Cephalogenic

or, stuff that I dragged out of my head

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Location: Moncton, New Brunswick, Canada

Thursday, October 26, 2006

Pica-speak


Here in The Guardian Online is a most interesting story about a disorder that causes people to consume, quite literally, anything they can stuff into their mouths: toilet paper, cigarette butts, sand, what have you. This condition is called "pica", and of course I had to wonder where the name came from and if there could be any relationship between it and the unit of measure also known as the pica.*

The unit of measure (which is one sixth of an inch, by the way) is, according to Answers.com, from Mediaeval Latin "pica", 'list of church services". It then adds, "perhaps from the typeface used to print it", but the OED notes that "no edition of pica...in 'pica' type appears to be known".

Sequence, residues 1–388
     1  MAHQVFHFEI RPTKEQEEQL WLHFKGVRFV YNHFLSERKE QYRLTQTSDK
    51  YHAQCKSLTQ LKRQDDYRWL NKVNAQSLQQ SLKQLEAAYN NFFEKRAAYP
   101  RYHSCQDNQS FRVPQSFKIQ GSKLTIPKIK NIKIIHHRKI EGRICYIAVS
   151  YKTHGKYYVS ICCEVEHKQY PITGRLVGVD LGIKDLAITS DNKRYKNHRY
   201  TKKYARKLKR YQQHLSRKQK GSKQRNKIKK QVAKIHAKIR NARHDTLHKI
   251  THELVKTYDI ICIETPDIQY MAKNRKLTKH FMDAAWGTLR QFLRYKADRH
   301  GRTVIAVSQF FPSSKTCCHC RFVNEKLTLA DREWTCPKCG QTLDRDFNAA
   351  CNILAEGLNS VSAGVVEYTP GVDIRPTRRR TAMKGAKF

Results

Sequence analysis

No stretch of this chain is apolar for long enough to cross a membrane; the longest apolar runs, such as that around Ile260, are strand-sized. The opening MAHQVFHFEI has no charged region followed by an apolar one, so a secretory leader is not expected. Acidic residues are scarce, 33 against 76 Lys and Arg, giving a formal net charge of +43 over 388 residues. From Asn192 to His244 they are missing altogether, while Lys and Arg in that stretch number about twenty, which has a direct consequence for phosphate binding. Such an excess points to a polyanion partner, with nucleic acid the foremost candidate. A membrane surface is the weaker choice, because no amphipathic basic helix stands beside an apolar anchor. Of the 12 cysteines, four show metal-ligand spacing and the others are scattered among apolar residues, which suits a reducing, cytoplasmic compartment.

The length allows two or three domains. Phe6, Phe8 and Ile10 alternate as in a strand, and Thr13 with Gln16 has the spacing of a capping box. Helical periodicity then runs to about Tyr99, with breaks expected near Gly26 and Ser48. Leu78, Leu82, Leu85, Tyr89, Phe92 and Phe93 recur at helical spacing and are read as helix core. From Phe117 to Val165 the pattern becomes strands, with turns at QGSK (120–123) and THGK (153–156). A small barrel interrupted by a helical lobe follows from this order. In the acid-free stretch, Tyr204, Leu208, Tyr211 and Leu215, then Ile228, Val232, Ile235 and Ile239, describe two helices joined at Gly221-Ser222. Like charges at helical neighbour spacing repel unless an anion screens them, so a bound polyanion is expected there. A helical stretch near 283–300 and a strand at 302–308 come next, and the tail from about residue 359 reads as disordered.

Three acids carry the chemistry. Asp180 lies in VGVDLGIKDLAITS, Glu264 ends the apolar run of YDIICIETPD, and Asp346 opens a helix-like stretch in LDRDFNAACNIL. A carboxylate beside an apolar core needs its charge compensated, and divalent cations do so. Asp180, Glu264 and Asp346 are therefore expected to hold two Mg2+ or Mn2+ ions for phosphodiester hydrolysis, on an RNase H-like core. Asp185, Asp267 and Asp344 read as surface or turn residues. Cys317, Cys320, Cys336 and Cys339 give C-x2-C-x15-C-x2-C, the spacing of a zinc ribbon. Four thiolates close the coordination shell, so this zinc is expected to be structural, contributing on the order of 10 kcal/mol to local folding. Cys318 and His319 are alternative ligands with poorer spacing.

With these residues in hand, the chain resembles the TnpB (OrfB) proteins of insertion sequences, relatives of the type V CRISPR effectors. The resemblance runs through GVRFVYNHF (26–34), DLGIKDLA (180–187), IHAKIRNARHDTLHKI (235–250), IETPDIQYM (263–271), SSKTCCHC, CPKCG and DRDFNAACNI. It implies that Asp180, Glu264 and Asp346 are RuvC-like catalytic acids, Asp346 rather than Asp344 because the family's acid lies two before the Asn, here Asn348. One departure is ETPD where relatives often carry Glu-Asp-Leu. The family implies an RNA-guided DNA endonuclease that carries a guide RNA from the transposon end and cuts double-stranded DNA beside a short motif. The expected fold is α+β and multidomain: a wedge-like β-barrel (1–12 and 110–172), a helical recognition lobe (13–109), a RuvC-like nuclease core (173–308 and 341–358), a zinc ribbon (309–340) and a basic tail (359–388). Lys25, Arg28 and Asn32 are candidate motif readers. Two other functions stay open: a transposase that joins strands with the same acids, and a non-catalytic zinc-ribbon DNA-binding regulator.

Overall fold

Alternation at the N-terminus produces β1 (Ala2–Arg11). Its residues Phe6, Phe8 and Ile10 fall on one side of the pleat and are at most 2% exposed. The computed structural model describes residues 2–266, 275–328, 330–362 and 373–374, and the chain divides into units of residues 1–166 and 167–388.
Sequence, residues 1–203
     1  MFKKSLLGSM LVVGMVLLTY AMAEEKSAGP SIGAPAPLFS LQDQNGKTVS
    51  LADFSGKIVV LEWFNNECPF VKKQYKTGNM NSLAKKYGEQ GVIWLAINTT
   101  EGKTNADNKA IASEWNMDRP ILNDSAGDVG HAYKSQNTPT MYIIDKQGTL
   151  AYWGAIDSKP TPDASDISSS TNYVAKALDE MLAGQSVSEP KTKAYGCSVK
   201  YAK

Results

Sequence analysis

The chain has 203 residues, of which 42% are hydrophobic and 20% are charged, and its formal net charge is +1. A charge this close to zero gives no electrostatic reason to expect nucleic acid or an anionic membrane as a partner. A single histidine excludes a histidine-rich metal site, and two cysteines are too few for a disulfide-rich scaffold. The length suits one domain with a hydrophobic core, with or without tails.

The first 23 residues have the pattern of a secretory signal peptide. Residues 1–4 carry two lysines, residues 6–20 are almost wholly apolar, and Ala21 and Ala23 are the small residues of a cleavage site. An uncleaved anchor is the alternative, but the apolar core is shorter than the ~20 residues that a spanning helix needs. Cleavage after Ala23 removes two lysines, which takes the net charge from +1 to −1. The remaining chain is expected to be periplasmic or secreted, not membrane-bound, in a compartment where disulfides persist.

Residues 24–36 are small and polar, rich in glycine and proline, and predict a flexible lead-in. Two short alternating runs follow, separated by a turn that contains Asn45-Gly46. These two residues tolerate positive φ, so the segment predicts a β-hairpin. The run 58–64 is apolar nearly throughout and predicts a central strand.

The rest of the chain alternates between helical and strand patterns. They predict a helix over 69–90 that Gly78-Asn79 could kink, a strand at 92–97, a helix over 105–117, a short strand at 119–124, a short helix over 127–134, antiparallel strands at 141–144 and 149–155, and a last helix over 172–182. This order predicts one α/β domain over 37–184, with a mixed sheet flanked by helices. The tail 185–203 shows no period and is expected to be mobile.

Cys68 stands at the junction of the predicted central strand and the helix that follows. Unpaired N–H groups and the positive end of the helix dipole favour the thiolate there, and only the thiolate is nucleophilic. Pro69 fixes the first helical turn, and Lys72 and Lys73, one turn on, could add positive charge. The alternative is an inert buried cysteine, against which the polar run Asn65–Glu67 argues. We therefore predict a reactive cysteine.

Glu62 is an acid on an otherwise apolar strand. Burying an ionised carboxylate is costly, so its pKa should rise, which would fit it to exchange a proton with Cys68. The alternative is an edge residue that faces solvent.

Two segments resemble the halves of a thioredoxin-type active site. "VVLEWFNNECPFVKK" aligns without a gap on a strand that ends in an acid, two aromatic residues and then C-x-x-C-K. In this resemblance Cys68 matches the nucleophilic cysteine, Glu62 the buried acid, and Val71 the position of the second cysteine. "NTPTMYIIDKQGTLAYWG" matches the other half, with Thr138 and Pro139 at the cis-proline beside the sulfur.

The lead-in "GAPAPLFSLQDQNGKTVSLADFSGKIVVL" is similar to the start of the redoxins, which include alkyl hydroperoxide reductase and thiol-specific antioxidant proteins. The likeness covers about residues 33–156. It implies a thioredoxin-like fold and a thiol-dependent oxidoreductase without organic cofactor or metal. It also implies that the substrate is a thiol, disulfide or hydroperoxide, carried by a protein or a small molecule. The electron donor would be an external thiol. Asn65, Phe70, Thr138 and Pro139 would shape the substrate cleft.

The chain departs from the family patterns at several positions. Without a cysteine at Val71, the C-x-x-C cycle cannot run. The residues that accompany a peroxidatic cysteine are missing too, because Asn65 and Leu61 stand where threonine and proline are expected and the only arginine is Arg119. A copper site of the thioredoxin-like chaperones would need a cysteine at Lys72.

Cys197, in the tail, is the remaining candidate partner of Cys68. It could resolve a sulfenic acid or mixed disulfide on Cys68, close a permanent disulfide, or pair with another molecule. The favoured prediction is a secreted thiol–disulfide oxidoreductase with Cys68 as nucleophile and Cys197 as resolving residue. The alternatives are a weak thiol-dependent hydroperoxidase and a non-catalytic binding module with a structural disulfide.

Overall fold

The other pica, the illness, derives, amazingly, from the same source as "magpie", because such birds are great and indiscriminate eaters; the New Latin word for the bird is "pica".

Both words, since you were probably wondering, are pronounced the same, and since "magpie" is the source of one of them, it will not surprise you to learn that that pronunciation is "PIE-ka" and not "PEE-ka".** The similar-sounding "pike" has a number of meanings and correspondingly a number of derivations, none of which has anything to do with "pica" (most of them ultimately derive from French "piquer", "to prick").


* It turns out there's a third "pica", as well: it's an old spelling of "pika", a preposterously cute, hamsterish animal that's actually not a rodent but a lagomorph, the family of animals which also includes rabbits and hares--as well it might, because the word "lagomorph" is from the Greek for "hare-shaped".

** The obviously unrelated prefix "pico-", "one trillionth", is pronounced "PEE-ko". Or "PIE-ko": your choice, for a change.

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